You cannot ask a question if you don’t have the right words

I’m seeing lots of the ‘What’s the point of teaching knowledge, why bother filling their heads up with lots of facts and surely it’s better to be helping children to develop curiosity and ability to ask questions anyway?’ type comments and articles floating about the edu-net at the moment.

To those people, aside from pulling a face, I have one great example that should hopefully highlight how silly it is to think that we should only teach ‘skills’ like ‘questioning’ over and above good-quality knowledge (and the vocab to go with it):

Car showrooms.

worldsworstcar
‘Slight dent at the front’ ‘I’ll take it!’

This morning, I’m off to look at a Japanese import MPV or two and I’ve already done my homework. Here are some of my questions that I have prepped:

  1. Are there later models on route through the import scheme that include 2.4l engine rather than 3.0 V6?
  2. What is the fuel consumption rate, MPG, roughly speaking?
  3. Do the vehicles have rust-proof treatment administered when they arrive in the UK?
  4. How easy is it to get insurance and is the insurance reasonable/pretty average for an MPV?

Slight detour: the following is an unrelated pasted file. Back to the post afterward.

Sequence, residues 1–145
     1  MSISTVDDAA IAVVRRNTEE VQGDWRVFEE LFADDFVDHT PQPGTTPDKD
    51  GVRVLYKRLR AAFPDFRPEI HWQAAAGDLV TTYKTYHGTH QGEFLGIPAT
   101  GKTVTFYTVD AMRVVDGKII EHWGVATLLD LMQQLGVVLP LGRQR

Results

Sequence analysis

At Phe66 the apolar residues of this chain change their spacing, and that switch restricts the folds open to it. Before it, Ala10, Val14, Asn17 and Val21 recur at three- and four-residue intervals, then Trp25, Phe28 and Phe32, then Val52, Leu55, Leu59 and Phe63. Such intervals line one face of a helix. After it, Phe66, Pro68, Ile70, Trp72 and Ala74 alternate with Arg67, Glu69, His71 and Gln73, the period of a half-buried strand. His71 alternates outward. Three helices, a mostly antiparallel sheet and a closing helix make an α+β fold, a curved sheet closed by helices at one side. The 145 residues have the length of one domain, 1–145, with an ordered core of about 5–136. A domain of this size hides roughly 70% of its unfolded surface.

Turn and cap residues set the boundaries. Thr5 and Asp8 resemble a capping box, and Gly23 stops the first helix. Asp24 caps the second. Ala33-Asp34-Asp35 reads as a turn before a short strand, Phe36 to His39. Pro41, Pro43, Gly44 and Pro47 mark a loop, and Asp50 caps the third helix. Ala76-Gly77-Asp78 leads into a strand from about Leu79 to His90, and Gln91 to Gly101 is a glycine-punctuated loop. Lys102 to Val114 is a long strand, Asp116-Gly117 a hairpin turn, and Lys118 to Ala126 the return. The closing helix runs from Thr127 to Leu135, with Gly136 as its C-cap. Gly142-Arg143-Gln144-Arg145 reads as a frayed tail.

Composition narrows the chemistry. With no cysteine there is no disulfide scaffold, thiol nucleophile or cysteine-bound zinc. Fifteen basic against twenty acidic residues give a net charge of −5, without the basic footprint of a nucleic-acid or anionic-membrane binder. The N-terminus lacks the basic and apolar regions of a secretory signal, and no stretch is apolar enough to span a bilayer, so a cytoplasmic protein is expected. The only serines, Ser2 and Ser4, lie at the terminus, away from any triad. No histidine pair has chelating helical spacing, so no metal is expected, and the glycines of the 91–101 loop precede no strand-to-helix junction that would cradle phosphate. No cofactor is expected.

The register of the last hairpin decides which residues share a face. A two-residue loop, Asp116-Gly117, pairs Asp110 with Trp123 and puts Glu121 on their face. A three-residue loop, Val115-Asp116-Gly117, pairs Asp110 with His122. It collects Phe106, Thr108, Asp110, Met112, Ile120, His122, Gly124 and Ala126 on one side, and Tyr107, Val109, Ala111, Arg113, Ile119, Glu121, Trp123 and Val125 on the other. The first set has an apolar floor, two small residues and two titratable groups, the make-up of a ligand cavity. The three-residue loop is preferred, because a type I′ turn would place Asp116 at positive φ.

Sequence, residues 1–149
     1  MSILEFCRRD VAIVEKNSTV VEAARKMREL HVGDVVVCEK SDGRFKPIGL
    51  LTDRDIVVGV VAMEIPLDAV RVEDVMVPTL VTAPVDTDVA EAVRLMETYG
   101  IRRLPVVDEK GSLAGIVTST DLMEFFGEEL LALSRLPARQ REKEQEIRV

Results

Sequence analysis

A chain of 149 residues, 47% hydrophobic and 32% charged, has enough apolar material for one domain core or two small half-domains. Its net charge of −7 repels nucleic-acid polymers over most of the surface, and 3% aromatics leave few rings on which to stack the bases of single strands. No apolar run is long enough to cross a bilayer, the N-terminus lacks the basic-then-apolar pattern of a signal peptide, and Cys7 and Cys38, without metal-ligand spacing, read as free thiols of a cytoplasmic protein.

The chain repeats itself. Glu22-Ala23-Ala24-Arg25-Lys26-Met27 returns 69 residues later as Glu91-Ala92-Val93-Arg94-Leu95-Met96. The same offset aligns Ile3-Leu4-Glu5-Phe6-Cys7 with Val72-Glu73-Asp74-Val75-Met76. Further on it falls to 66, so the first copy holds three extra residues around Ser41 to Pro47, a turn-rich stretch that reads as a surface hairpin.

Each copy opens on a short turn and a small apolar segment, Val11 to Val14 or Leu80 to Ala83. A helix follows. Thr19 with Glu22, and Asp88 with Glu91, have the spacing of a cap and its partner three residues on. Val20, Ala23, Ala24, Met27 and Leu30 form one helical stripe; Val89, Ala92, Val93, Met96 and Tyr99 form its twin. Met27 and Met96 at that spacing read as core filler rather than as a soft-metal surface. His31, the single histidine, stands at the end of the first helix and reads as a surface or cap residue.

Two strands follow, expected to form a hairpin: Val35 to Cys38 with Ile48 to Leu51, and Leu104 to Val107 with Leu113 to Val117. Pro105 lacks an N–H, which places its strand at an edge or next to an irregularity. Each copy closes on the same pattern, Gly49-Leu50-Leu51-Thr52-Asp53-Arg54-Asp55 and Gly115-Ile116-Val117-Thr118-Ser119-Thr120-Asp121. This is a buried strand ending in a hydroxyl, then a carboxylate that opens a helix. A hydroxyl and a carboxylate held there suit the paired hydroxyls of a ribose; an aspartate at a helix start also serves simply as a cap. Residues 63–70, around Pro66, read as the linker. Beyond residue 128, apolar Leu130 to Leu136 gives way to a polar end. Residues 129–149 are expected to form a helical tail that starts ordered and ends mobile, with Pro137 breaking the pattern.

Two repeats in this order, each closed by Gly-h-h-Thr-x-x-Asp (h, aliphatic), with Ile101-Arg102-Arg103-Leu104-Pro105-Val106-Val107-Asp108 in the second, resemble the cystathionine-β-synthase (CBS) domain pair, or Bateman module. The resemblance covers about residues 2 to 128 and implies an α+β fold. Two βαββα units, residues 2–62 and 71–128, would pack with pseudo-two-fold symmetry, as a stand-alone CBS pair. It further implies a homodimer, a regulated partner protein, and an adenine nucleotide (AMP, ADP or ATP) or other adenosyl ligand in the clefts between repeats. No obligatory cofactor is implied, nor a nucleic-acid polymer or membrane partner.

5. What is the torque and can you tow a small caravan, for example?
  6. How long an MOT has it got?
  7. What’s the servicing interval?
  8. How easy is it to get replacement parts?
  9. I see the doors have an electric sliding mechanism, is there a manual override? What happens if there is a fault somewhere in the circuitry – is it easily fixed?
  10. Is there a cup holder?

OK the last one was a silly question.

These questions are all really specific and if I didn’t know about cars in general or Japanese import MPVs, then I wouldn’t be able to ask these really important questions. The odds are that some of those questions aren’t specific enough because even though I have spent some time researching and have quite a bit of general knowledge about automobiles, I am not an expert in Japanese import MPVs. But if I didn’t have the knowledge that I currently have, then I would be on route this morning to looking like an ignorant fool with just one question ready: